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First of all, I would like to say that I have used the search box looking for a similar question and was unsuccessful, maybe because of my poor english skills.

I have a a 'homemade' framework. I have certain PHP files that must only be visible for the admin. The way I currently do this is check within every single page to see if a session has been opened. If not, the user gets redirected to a 404 page, to seem like the file which has been requested doesn't exist.

I really don't know if this is guaranteed to work or if there's a better and more safe way because I'm currently working with kind of confidential data that should never become public.

Could you give me some tips? Or leave a link where I could find some?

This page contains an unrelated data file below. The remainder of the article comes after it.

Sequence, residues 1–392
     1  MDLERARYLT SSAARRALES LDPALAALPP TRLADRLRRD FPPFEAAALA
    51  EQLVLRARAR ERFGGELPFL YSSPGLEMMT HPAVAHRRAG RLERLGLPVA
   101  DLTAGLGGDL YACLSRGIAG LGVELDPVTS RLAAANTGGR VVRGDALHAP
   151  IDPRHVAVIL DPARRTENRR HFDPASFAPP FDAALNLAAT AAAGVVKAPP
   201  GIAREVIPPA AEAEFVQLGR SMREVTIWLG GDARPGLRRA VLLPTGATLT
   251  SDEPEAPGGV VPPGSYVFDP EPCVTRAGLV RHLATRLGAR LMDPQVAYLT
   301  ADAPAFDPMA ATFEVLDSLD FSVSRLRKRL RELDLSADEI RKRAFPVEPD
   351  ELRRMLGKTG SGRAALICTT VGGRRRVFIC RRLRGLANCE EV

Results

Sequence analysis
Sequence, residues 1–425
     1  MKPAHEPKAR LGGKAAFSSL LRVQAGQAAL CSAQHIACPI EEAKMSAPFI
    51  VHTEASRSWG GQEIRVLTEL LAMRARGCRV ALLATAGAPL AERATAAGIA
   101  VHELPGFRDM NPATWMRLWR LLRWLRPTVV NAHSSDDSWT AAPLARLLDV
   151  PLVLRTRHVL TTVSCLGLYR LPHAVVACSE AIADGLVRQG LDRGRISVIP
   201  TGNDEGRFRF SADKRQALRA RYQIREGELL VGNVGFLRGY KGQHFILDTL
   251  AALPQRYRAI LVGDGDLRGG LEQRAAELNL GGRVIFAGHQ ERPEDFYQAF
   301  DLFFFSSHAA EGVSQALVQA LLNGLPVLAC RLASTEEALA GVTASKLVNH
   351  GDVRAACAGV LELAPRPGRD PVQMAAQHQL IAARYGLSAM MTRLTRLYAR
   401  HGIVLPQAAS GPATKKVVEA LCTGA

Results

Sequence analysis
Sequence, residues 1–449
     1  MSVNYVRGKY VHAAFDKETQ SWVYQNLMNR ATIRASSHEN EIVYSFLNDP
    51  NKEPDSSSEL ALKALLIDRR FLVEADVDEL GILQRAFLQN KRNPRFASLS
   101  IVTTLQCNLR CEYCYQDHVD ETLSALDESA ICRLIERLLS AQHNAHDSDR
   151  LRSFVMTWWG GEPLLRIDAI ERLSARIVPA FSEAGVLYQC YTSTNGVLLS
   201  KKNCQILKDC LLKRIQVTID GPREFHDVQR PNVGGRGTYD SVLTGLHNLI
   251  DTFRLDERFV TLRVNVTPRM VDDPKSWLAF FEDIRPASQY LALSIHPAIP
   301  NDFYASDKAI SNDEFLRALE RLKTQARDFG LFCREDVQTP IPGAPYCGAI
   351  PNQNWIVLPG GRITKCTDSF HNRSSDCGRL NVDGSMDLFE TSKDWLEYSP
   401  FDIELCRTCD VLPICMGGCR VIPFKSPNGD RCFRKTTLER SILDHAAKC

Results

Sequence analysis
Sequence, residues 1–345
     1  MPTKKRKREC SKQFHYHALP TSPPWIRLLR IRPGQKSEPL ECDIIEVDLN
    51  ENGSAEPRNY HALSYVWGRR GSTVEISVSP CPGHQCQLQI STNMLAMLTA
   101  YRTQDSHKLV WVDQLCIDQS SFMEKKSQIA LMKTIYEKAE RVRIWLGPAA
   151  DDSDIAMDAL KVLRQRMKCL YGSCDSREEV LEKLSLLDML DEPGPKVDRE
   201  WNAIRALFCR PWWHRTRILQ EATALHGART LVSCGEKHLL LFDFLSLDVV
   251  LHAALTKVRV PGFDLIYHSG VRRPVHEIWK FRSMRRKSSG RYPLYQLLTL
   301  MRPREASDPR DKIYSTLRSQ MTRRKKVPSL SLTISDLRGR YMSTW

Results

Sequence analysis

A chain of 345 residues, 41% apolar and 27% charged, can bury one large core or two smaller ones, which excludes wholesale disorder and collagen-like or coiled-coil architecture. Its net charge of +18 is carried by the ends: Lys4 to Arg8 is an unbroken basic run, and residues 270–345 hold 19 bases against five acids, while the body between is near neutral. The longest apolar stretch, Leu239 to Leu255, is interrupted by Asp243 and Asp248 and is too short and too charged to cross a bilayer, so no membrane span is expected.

Thank you very much, and again excuse me for kicking the dictionary.

EDIT

What I usually write in the top of each file is something like this

<?php
include("sesion.php");
$rs=comprueba(); //'check'

if ($rs) { 
?> 

And then, at the end

<?php 
}
else { header("Location: err404.html"); }
?>

Is it such a butched job, isn't it?

EDIT

Let's say I have a customers list in a file named customers.php

That file may be currently on http://www.mydomain.com/admin/customers.php and it must only be visible for the admin user. Once the admin user has been logged in, I create a session variable. That variable is what I check on the top of each page, and if it exists, the customers list is shown. If not, the user gets redirected to the 404 page.

Thank you for your patience. I really appreciate.

share|improve this question